Roots of our National Forests

The Roots of Protection and Restoration in the Southern Appalachians

The roots of the protection and restoration effort in the Southern Appalachians extends back 100 years. At that time destructive logging was already beginning to take its toll. A series of devastating floods that came in the wake of over-cut watersheds and devastating wildfires that started in the slash left from large clearcuts raised the alarm of regional and national leaders.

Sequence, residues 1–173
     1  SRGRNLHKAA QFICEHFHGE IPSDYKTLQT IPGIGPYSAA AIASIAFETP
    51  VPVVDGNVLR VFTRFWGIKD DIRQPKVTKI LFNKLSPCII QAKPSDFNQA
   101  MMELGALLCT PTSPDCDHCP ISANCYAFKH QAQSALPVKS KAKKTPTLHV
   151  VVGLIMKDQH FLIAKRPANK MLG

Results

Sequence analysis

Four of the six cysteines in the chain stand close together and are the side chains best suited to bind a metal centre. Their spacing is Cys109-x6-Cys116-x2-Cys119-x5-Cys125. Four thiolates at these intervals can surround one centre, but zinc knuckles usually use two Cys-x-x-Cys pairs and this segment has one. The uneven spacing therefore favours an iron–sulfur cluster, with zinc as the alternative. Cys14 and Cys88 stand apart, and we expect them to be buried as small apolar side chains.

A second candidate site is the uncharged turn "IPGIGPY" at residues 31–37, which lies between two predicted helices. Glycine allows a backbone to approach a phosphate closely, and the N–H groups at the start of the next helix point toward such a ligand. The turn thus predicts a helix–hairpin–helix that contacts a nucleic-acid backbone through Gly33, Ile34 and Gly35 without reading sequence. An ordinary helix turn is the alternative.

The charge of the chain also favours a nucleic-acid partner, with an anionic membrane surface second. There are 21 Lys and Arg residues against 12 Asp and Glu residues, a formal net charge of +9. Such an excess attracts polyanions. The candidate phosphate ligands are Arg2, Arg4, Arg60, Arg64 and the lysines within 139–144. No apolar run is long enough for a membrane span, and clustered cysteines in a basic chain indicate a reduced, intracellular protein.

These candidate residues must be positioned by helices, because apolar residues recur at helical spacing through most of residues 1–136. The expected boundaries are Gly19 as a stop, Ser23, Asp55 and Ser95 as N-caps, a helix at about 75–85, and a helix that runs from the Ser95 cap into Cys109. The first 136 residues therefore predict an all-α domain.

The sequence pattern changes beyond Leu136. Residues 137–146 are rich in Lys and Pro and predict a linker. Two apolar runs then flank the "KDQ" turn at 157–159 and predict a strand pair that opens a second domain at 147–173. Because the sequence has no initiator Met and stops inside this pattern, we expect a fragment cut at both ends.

A few visionary leaders saw the need to save forests that had not been devastated by destructive logging and to recover watersheds in the region. This effort resulted in a movement that established national forests in the east.   In 1902 the Wilson Report was released by the Secretary of Agriculture.   This report detailed the conditions and problems of the Southern Appalachian Forest.   As a result of this report our eastern National Forests were established in 1911, along with the establishment of the Great Smoky Mountains National Park (1934), and the Shenandoah National Park (1935). Current conservation efforts and planning is a continuation and completion of the effort begun a century ago by these ancestors of vision.